May 22, 2022

The Queens County Citizen

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Collaborative robots and their Industry applications

What is a Cobot?

A collaborative robot (Cobot for short) is an industrial robot designed to work in conjunction with humans in close proximity and as such are built with human safety in mind; therefore foregoing the need for restrictive safety fencing and other extensive safety measures that larger traditional industrial robots require.

These robots typically come in the form of robotic arms equipped with an array of sensors that enable the cobot to perform programmed tasks as well as switch off in case an obstacle is detected. To perform their prescribed routines, many of these arms have six-axis motion capabilities which enable them to have great manoeuvrability around a workspace.

They are commonly able to handle loads between 3kg and 16kg and have a reach that ranges between 19.7 and 35.4 inches. As opposed to traditional industrial arms which can operate at speeds as fast as 3m/s, most cobot arms move at a maximum speed of 1.5 m/s. This is a safety measure that protects workers from injury through collision.

A prediction by Markets and Markets estimates the global market value for collaborative robots to reach $10.5 billion by the year 2027, up from $1.2 billion in 2021. That represents a compound annual growth rate (CAGR) of 43.4% over that time period.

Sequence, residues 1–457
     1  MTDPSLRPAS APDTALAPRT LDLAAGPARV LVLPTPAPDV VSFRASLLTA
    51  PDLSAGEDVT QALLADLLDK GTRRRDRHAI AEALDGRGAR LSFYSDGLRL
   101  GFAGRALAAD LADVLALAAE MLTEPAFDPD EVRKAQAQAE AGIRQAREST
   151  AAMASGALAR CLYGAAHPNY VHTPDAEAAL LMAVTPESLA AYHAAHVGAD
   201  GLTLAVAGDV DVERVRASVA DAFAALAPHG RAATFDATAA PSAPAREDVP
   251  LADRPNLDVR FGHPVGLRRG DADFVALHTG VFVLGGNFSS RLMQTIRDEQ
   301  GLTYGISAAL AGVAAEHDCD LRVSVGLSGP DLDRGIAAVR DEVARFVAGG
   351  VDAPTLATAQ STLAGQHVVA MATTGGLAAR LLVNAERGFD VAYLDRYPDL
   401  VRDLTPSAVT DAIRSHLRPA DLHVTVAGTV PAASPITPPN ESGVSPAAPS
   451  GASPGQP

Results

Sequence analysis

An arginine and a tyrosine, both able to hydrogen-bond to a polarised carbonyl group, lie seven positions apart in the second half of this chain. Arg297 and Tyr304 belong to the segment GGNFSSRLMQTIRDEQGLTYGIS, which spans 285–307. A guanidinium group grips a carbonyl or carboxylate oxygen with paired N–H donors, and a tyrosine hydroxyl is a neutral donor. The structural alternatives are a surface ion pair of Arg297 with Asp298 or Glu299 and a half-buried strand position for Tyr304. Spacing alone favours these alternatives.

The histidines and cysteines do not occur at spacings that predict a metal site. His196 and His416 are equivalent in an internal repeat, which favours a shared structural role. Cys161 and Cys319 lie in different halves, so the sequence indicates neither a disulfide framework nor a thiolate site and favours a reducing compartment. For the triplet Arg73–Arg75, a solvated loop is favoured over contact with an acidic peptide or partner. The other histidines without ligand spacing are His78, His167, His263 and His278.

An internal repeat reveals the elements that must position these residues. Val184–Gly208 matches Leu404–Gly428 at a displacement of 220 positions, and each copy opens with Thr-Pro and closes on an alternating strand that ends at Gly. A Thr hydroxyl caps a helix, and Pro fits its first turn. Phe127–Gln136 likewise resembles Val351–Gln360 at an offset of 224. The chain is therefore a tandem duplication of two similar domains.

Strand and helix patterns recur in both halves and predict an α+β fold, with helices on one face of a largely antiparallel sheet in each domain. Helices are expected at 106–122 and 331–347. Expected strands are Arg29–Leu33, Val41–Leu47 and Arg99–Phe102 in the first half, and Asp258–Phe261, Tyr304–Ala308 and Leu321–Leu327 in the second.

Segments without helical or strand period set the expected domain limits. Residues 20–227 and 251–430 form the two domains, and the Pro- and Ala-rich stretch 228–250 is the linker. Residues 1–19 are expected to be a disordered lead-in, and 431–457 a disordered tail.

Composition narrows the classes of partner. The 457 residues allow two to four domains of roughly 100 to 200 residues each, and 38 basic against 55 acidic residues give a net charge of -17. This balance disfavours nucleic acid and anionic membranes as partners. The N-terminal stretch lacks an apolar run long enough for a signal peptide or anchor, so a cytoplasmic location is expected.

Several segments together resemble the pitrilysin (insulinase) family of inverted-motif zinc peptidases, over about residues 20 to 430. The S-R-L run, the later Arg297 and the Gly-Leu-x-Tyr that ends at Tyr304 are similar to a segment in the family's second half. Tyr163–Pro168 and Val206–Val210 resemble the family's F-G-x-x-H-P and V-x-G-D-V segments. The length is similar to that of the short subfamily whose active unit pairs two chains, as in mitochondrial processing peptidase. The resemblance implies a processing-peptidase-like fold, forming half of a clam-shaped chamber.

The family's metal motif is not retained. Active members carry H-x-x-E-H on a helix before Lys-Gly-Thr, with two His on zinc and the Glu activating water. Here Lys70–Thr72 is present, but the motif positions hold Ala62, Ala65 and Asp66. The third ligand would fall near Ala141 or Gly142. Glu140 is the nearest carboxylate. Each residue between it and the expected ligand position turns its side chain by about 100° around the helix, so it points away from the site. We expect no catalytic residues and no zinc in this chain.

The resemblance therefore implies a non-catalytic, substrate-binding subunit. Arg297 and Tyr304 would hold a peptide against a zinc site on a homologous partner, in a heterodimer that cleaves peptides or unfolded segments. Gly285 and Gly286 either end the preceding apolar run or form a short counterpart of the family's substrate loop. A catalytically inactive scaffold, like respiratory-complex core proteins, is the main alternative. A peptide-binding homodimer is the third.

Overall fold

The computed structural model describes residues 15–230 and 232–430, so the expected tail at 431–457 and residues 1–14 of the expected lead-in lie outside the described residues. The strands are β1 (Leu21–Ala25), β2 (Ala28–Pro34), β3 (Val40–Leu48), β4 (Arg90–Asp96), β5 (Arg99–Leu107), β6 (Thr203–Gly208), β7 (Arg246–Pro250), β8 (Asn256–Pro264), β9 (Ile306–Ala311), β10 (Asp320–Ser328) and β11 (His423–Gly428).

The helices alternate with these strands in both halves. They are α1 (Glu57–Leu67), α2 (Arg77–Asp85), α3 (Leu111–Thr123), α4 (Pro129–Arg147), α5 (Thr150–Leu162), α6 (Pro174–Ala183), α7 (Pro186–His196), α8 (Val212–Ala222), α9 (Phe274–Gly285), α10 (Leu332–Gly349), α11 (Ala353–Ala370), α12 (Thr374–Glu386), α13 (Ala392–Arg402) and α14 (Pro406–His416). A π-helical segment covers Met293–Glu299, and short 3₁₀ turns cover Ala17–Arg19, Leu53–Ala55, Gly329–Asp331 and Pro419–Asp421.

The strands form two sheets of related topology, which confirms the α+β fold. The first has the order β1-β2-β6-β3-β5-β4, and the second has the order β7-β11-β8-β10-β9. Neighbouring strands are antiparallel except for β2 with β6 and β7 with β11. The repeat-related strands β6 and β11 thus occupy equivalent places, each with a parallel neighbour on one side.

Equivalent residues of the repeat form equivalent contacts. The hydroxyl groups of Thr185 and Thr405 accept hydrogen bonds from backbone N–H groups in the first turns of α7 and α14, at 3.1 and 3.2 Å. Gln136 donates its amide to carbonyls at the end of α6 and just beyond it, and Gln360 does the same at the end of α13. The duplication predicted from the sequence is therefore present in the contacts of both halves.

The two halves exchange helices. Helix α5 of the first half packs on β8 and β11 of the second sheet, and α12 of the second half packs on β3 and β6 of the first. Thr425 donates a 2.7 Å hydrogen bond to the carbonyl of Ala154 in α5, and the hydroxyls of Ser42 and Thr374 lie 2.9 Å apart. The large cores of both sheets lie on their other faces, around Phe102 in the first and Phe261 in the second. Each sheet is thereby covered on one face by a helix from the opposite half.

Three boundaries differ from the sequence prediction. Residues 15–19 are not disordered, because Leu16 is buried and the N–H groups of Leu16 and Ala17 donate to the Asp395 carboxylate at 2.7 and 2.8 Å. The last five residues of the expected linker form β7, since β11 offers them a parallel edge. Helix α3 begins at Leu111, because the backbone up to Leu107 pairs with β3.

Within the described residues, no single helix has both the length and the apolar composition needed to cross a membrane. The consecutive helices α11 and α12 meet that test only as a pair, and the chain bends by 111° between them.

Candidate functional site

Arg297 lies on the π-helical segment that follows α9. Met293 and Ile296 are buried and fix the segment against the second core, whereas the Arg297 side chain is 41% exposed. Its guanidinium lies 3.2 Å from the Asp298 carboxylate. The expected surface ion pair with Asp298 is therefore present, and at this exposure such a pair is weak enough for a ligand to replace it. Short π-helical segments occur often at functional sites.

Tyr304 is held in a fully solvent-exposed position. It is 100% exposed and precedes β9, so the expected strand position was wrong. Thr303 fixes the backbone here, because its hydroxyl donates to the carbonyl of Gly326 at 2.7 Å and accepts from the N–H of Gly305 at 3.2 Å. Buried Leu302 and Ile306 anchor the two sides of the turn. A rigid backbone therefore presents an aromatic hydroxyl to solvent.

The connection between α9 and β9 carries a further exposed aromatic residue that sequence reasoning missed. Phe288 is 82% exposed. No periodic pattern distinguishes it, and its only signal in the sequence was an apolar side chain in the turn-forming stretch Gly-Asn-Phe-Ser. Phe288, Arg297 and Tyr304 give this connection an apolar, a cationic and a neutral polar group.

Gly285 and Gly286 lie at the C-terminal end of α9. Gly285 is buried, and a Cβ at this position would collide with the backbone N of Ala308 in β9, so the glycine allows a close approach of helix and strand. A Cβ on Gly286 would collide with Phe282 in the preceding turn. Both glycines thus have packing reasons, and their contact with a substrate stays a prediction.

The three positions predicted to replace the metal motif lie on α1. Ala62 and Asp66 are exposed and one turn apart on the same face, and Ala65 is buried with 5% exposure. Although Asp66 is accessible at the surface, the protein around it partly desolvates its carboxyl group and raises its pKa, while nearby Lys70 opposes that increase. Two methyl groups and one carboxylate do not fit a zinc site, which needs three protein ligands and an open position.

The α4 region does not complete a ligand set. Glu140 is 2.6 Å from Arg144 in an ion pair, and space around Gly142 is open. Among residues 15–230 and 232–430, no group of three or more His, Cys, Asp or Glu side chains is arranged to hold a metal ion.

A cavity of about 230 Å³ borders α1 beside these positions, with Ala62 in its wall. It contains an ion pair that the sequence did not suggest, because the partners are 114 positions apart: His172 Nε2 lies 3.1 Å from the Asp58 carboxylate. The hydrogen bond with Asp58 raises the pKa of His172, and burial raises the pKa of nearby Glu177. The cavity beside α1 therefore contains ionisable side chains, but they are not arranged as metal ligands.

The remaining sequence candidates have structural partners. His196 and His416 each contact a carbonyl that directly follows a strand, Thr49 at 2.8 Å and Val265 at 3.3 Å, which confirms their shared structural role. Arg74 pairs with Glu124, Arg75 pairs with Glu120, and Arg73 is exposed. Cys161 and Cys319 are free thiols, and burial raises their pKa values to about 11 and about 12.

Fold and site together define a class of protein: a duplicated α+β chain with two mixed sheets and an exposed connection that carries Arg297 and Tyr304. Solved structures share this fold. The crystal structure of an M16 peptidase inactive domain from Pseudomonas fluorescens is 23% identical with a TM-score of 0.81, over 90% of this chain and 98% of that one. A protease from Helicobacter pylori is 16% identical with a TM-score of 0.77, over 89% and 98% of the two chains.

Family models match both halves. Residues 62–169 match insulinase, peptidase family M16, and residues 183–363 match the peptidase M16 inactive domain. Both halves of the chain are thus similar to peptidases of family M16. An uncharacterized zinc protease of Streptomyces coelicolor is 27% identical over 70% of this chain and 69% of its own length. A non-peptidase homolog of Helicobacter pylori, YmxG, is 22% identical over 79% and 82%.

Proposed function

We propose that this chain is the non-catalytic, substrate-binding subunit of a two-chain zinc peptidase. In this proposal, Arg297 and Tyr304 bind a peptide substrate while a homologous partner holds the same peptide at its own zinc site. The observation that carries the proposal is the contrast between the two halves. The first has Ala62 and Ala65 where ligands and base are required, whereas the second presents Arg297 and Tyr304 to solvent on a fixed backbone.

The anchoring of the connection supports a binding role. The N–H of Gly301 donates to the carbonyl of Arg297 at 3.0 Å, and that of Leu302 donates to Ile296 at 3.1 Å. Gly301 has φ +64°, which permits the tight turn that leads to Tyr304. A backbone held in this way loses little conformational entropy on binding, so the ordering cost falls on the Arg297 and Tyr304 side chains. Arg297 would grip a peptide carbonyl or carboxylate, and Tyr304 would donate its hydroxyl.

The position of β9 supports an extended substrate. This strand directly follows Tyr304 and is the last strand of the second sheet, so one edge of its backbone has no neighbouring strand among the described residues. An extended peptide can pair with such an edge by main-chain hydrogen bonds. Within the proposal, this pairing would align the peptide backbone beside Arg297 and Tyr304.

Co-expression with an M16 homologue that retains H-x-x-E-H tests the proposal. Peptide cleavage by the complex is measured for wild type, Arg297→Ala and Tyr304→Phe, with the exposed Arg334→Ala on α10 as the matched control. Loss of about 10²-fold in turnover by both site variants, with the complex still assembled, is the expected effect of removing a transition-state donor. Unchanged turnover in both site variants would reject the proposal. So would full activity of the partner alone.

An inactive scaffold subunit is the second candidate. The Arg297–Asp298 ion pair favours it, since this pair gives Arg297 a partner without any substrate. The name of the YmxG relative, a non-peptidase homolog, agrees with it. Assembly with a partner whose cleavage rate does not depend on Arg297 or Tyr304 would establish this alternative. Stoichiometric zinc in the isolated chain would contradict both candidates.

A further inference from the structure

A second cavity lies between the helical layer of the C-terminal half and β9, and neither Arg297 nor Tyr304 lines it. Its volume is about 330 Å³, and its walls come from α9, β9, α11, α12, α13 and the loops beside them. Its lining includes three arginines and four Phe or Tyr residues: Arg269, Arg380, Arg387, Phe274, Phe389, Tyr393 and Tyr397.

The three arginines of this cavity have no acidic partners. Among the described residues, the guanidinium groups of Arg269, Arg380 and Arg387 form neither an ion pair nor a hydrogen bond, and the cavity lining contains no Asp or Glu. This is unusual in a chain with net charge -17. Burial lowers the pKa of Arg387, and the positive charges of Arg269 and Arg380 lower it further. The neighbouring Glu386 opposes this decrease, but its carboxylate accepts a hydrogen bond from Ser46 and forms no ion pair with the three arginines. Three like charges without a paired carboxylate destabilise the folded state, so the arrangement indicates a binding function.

This projected growth is driven mainly by a high return on investment (ROI), an important factor that will see small scale businesses adopt the technology.

Which Industries use Cobot arms?

The International Federation of Robotics (IFR) indicates that the largest adopter of industrial robots is the automotive industry which accounts for 28% of installations globally. This is closely followed by the electronics industry at 24%. Metal and machinery comes next at 12%, plastics and chemical products (5%) while food and beverages closes in at 3%.

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Automotive Industry

A trendsetter in the world of robotics manufacturing, the first-ever industrial robot was used in an automotive factory about 60 years ago but despite this, cobots are still relatively new within this industry.

Because this industry has so many types of processes (assembly, machine tending, part inspection and finishing) and sub-processes before a finished product can be seen; it is no surprise that automotive production leads the pack in terms of adoption.

Traditional industrial robots are commonplace in vehicle production but cobots are slowly taking up tasks that require a delicate, deft touch. An example of such an application is welding where a skilled worker can work with a cobot for a precise and replicable finish across product lines.

Laser, arc, ultrasonic, plasma, and spot welding are all jobs that a welding robot arm can complete with inhuman accuracy over and over again leading to a reduction in production downtime and material wastage.

Electronics Industry

A fast-moving industry, the Electronics segment is one of the largest adopters of cobot technology worldwide. This is due to strong competition that prompts manufacturers to seek out even marginal improvements to their production processes.

Cobots arms give manufacturers a definitive edge providing even small volume productions with fast ROI all while having the advantage of flexibility, manoeuvrability, high productivity, and high precision assembly under tight tolerances, usually within +/- 0.1mm.